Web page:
The court determines defendant's right of removal by examining the record and the status of the pleadings at the time defendant filed its petition for removal. Farm Bureau Mutual Ins. Co., Inc. v. Eighmy, 849 F.Supp. 40, 42 (D.Kan.1994) (court must have jurisdiction both at the time the original action was filed in state court and at the time defendant sought removal); Ruiz v. Farmers Ins. Co., 757 F.Supp. 1196, 1197 (D.Kan. 1991).

II. Discussion.

On March 3, 1997, defendants filed a notice of removal to federal court. Defendants premise federal jurisdiction upon 28 U.S.C. § 1332(a)(1), which provides:

(a) The district courts shall have original jurisdiction of all civil actions where the matter in controversy exceeds the sum or value of $75,000, exclusive of interest and costs, and is between —
(1) citizens of different States.

Defendants, in their notice of removal, state that "Plaintiff claims that Defendants owe Plaintiff an outstanding balance of $77,791.96. Defendants dispute that this amount is owned [sic] to Plaintiffs [sic]." Notice of Removal at ¶ 9.

Plaintiff concedes that complete diversity exists between plaintiff and all defendants in this case. Plaintiff asserts that diversity jurisdiction is lacking, however, because the amount in controversy does not exceed the statutory jurisdictional amount of $75,000, exclusive of interest and costs, required in diversity actions by 28 U.S.C. § 1332(a). Plaintiff notes that its prayer for relief requests "$65,336 in principal, plus prejudgment interest at 8 percent until the date of judgment, and post-judgment interest at the legal rate until paid." Petition, p. 9. Plaintiff asserts that the $77.791.96 cited by defendants as their basis for removal includes accrued interest on the $65,336.00 principal. Plaintiff argues that because the diversity statute defines the amount in controversy as "exclusive of interest and costs," the court cannot consider either accrued or accruing interest on the $65,336.00 principal in determining the amount in controversy.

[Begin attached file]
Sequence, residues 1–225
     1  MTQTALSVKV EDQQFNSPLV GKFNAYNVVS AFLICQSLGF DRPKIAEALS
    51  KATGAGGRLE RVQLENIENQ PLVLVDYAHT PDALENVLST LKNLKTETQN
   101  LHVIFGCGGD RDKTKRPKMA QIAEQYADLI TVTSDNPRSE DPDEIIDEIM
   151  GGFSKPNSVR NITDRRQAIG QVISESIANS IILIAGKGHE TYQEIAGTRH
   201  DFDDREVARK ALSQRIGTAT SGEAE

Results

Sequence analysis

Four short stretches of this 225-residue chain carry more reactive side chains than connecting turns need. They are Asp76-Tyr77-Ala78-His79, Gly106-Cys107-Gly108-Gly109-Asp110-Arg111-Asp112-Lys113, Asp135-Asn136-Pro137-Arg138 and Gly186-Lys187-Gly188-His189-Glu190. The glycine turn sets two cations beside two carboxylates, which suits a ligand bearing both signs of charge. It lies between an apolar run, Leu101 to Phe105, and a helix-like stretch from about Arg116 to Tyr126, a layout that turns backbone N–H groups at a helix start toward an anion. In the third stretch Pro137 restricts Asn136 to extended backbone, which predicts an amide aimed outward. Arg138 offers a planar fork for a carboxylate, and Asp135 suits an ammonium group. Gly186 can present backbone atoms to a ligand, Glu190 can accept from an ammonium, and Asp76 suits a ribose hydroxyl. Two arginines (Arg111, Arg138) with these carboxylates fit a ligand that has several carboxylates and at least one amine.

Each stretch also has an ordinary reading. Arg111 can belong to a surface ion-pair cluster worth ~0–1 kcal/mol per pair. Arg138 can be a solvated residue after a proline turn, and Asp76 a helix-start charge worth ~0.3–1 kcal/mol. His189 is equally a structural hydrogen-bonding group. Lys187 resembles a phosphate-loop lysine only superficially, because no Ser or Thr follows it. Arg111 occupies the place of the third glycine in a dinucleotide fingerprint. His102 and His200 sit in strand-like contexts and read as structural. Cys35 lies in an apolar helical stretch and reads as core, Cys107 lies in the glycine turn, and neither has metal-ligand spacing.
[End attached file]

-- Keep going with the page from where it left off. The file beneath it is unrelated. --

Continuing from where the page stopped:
Defendants present several arguments in support of removal. First, defendants maintain that the $75,000 amount in controversy is satisfied because Count III of plaintiff's pleading seeks the imposition of a trust on all proceeds of a previous $250,000 arbitration award. The court is not persuaded by this argument. Defendants fail to cite *1583 a single authority to support this proposition. Plaintiff has not brought a claim to recover the entire value of the constructive trust; rather, plaintiff has requested the constructive trust as security to guarantee its recovery of the $65,366 at issue. We find, under the facts and circumstances of this case, that the amount in controversy should be determined from the plaintiff's claims, not from the "value" of the constructive trust.